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Rousing End To Regular Season Sets Stage for October Playoffs

Monday October 5 will be a rare day off before playoff baseball begins with the AL Wild Card game at Yankee Stadium on Tuesday Oct 6 with the rambunctious Houston Astros invading Yankee Stadium for the right to meet the Kansas City Royals in the best-of-five American League Division Series (ALDS).

I must admit that I was rooting for the Yankees to go on the road for the Winner Take All game. They finished the season as losers of six out of seven games, three out of four to the Red Sox at home and a sweep in Baltimore at the hands of last year’s AL East champion Orioles.

The Astros played very well in Seattle and Arizona, winning both series but unable to sweep the Diamondbacks on Sunday that would have given them the home game in Houston. It was still a remarkable year for the young Astros who rose from seasons in the lower depths to lead the AL West for most of 2015 until the Texas Rangers, another horrible team in 2014, roared past them to win the title.

There is nothing like baseball when everything is on the line. Players who gather in Florida and Arizona in February, who live with each other more than with their own families, go on the field in late September and try to relax while playing games that will determine whether they make the playoffs or go home also-rans.

The Saturday October 3 game between the Angels and Rangers will go down as one of the most remarkable ones in baseball history. I have cited over the years in this blog “Lowenfish’s Law”: “No four-run lead in baseball is ever safe until the last man
Is out.”

It came true on Saturday when the Rangers entered the 9th inning at home in Arlington, Texas with a 10-6 lead. Rangers rookie manager Jeff Banister played with fire by bringing in his closer Shawn Tolleson for the FIFTH straight game. He immediately gave up two solo home runs to cut the lead to 10-8.

Infrequently used righthander Ross Olmerdorf came in and got a bad break immediately when Albert Pujols popped a ball down the right field that fell out of first baseman Mike Napoli’s glove when second baseman Roughned Odor collided with him. Four hits later, some with two strikes and two out, gave the lead to the Rangers who closed out a 11-10 victory.

The Rangers were already in the playoffs so it wasn’t a devastating loss. “Tomorrow is your best friend” remains one of the great adages in baseball, and on Sunday southpaw ace Cole Hamels, a trade deadline pickup from the Phillies, pitched a complete game 9-2 victory to give the Rangers the undisputed title of the AL West.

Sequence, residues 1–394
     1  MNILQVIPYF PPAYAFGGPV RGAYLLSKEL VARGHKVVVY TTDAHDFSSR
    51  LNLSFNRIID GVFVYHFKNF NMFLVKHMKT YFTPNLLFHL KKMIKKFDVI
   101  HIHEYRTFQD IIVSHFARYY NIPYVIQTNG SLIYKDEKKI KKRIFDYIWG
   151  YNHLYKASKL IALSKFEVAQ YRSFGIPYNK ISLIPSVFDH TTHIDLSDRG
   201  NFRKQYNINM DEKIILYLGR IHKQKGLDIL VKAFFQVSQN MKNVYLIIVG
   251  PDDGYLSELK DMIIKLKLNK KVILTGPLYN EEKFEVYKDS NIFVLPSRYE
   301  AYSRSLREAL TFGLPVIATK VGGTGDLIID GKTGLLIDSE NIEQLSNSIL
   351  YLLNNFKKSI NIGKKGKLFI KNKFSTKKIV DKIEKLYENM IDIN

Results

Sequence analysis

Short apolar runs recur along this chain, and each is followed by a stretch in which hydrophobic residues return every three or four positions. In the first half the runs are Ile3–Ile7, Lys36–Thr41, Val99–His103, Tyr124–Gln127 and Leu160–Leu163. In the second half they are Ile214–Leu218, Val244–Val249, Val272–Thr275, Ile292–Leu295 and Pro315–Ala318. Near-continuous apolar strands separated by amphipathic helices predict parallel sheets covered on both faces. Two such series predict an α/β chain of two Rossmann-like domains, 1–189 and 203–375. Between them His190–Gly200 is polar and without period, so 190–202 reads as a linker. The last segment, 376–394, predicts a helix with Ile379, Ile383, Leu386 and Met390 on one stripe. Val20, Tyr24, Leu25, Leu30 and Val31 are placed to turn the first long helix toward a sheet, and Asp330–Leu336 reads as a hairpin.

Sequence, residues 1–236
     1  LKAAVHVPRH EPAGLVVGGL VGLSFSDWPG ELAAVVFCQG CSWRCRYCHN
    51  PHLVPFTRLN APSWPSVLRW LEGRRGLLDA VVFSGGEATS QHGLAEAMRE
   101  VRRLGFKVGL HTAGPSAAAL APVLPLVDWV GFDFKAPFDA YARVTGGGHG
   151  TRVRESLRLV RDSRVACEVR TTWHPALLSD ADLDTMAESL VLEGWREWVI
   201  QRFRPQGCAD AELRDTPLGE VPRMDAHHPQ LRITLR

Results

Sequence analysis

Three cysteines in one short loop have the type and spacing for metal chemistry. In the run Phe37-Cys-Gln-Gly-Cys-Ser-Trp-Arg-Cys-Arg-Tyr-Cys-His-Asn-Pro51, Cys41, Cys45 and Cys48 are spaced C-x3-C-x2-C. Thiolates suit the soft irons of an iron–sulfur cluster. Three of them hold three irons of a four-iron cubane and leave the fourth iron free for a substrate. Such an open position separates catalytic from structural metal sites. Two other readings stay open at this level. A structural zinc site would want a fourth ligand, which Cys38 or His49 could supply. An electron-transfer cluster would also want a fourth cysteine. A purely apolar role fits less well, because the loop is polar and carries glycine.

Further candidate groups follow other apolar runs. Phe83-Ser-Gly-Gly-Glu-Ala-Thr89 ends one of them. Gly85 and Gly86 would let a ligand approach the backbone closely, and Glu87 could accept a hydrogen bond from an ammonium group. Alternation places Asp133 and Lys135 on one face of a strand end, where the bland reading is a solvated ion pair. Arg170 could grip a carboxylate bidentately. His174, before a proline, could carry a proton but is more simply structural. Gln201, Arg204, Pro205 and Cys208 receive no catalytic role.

Attempting a sweep at Arizona, always hard to pull off on the road, Houston tied Arizona in the sixth inning but Diamondbacks slugger Paul Goldschmidt belted a two-run home run that proved the difference in a 5-3 Arizona victory.

There should be exceptional drama ahead in the wild card games. Houston’s homegrown stellar southpaw Dallas Keuchel is matched against the Yankees high-salaried Japanese import Masahiro Tanaka on Tuesday night.

On Wednesday the Pirates, winners of 96 games, could find their season end because of the deliveries of the Cubs star righty Jake Arrieta who has enjoyed statistically the greatest second half of a season in baseball history.

Powerhouses Kansas City and St. Louis will have home field advantages when they take on the wild card winners, starting Thursday and Friday in the best-of-five league division series (LDS). Division winners Texas and Toronto and New York and Los Angeles will square off in the other LDS.

Playoff baseball is not the same as the daily grind of the regular season. I am pleased that my Orioles surprised a lot of us by winning the last two games over Toronto after the Blue Jays clinched their title in Baltimore. Even more satisfying was sweeping the Yankees this past weekend, forcing them to back into the home wild card game with Houston’s Sunday loss.

The pending free agent losses of slugger Chris Davis and effective southpaw Wei-Yin Chen made the victories bittersweet. Davis sure went out with a bang hitting two home runs in the last game of the season at Camden Yards. But what baseball teaches us is to enjoy the moments of triumph fully because losses of games, and personnel, inevitably lie ahead.

That’s all for now – in the meantime always remember – “Take it easy but take it!”